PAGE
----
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When Is a Healthcare Provider Liable for Inflicting “Emotional Distress” on a Patient?

We often talk about medical malpractice in terms of the physical injuries sustained by the victim. But more often than not, it is the emotional trauma that leaves the most lasting effects. In the case of a misdiagnosis, for instance, a patient may experience significant stress as the result of incorrectly believing they have a potentially fatal disease.

Appeals Court Reverses Summary Judgment for Hospital That Operated on Patient Without Sterilizing Equipment

On the flip side, there is also the anxiety that comes with not knowing if you have developed a serious condition as the result of a healthcare provider’s negligent acts. Recently, an Ohio appeals court addressed one such scenario. Specifically, the court was asked whether or not a patient could sue to recover damages after she spent several months thinking she might have acquired HIV or another serious infection.
Here is what happened. The victim underwent surgery at the defendant’s hospital. After the procedure, the victim and her husband learned that the defendant’s personnel “had not sterilized the equipment used to perform the surgery.” This meant there was a significant possibility the victim acquired an infection during the surgery.
The defendant then implemented an extensive protocol to determine whether the victim contracted “a bacterial infection, HIV, and/or hepatitis.” This protocol required the victim submit to a number of blood draws over a six-month period. The process left both the victim and her husband in what they described as a state of “emotional distress.”
Consequently, the victim and her husband sued the hospital and several related defendants. In effect, the lawsuit alleged professional negligence and “negligent infliction of emotional distress.” The defense moved for summary judgment, arguing that since the victim never actually had an infection, she had no grounds to bring an emotional distress claim. The trial court agreed and dismissed the lawsuit.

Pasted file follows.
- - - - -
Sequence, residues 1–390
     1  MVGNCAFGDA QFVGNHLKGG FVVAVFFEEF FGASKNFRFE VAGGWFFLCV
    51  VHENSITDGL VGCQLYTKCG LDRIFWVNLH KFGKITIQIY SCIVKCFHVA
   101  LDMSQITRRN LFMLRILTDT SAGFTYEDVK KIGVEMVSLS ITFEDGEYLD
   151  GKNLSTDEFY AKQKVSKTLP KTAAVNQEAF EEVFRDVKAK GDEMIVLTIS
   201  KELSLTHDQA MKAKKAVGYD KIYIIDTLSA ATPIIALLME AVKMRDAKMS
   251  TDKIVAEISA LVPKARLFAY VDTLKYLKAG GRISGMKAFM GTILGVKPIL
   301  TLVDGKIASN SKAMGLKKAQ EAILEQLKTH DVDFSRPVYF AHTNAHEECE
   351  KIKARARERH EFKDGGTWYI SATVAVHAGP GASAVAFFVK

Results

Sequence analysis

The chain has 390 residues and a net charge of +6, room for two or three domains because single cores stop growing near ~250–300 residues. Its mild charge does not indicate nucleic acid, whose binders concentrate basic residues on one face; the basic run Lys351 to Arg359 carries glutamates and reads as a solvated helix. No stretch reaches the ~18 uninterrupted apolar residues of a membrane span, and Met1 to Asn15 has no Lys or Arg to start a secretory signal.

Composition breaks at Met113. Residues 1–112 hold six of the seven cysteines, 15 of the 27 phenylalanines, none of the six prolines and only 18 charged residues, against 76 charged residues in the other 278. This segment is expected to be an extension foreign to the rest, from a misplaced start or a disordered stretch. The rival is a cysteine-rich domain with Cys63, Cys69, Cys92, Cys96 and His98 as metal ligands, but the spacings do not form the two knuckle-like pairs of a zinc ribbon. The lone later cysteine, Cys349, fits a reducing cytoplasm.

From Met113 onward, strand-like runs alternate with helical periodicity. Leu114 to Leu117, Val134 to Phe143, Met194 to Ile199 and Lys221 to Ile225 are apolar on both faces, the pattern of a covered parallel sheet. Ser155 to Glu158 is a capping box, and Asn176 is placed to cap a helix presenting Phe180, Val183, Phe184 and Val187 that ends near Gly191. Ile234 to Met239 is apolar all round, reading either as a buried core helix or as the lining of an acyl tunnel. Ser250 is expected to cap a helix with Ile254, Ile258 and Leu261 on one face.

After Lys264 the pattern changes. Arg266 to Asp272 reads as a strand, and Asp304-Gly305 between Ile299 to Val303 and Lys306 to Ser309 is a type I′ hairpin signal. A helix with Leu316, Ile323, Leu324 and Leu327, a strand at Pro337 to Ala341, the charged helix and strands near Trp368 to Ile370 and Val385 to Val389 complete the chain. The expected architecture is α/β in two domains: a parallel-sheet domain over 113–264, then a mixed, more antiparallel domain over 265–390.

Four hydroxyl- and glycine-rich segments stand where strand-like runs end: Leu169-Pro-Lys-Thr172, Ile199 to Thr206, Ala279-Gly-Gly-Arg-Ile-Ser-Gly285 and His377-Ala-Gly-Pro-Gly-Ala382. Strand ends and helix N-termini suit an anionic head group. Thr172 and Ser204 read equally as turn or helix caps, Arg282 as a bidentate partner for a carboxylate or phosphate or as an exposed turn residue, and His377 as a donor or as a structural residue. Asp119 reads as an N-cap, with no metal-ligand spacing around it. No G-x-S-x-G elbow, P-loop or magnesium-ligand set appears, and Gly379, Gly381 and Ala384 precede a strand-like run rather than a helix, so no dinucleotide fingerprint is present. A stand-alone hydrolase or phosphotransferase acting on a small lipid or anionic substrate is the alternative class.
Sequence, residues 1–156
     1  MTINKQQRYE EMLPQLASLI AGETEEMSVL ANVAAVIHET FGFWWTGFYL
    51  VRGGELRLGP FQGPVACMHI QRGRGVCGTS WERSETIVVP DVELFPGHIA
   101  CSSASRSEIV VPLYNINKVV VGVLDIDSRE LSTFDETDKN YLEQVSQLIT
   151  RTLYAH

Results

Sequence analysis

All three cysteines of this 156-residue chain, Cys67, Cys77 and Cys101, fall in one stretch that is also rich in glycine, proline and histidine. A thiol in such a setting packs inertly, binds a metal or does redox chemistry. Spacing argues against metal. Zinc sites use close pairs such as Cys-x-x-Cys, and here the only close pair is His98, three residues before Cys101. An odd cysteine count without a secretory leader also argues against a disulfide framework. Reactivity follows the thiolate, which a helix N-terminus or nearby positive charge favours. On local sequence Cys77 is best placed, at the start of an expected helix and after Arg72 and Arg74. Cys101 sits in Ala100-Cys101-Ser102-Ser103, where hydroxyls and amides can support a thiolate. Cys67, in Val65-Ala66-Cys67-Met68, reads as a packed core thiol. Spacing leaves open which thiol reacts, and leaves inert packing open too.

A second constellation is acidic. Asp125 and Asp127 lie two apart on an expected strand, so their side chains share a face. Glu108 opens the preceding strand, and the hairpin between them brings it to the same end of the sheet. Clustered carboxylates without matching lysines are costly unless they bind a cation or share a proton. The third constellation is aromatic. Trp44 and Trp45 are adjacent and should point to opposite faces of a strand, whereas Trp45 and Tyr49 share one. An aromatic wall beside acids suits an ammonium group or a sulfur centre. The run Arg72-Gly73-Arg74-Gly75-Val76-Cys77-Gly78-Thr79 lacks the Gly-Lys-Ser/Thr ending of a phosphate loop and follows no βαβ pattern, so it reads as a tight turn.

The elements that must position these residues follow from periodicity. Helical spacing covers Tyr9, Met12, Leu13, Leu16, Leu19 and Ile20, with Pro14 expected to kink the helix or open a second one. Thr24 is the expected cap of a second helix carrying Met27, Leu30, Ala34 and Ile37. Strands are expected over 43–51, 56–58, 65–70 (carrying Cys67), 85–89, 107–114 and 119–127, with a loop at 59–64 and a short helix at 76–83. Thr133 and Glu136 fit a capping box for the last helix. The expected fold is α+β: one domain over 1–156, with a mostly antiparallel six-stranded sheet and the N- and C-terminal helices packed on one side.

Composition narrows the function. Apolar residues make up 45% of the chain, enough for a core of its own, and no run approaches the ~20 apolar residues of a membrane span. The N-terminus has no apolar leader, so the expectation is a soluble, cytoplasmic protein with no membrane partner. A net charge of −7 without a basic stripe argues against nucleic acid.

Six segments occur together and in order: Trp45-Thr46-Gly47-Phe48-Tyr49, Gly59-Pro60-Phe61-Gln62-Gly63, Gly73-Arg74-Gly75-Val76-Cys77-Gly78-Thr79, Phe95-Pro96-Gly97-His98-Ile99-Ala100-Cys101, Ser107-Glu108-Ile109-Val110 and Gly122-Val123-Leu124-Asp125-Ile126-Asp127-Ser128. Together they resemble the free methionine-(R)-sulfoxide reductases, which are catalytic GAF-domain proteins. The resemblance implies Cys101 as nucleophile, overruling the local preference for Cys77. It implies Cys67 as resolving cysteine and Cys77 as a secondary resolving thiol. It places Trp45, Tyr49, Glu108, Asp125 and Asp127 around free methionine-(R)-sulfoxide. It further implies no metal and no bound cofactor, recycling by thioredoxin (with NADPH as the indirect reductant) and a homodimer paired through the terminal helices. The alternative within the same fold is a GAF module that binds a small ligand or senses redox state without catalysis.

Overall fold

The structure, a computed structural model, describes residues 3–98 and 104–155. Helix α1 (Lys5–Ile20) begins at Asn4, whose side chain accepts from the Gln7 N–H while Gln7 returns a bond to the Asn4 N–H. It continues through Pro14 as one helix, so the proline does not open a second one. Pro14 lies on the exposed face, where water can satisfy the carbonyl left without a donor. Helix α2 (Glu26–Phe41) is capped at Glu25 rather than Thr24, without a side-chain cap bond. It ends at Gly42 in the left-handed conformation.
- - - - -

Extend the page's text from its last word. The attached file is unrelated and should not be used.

But the Ohio Court of Appeals for the Tenth Appellate District disagreed and reversed the grant of summary judgment to the defense. The 10th District noted at the outset that “there is no serious question that operating on a patient with implements which have not been sterilized is below the standard of medical care.” The question was therefore whether or not the victim was actually “harmed” as the result of the defendants’ professional negligence. The appeals court concluded that such harms did exist. First, there was the “physical assaults” the victim endured in the form of the repeated blood draws. Second, and in contrast to the defense’s arguments, the appeals court said there was a viable claim for emotional distress. “In short,” the court observed, “there was a serious risk that [the victim] had acquired a disease which could affect the rest of her life or even end it.” Given this, “When a hospital has to admit it may have infected a patient with a serious disease, the hospital is on notice that the patient will suffer serious emotional distress.”

Contact a Cleveland Medical Malpractice Lawyer Today

The appeals court’s ruling is a victory for common sense and the rights of patients. Hospitals should not be allowed to walk away from the serious emotional trauma suffered by patients as the result of blatant professional negligence. If you or a family member have been injured in any way by a healthcare provider’s actions and you need advice from a qualified Cleveland medical malpractice attorney, contact Tittle & Perlmuter at (216) 308-1522 today.

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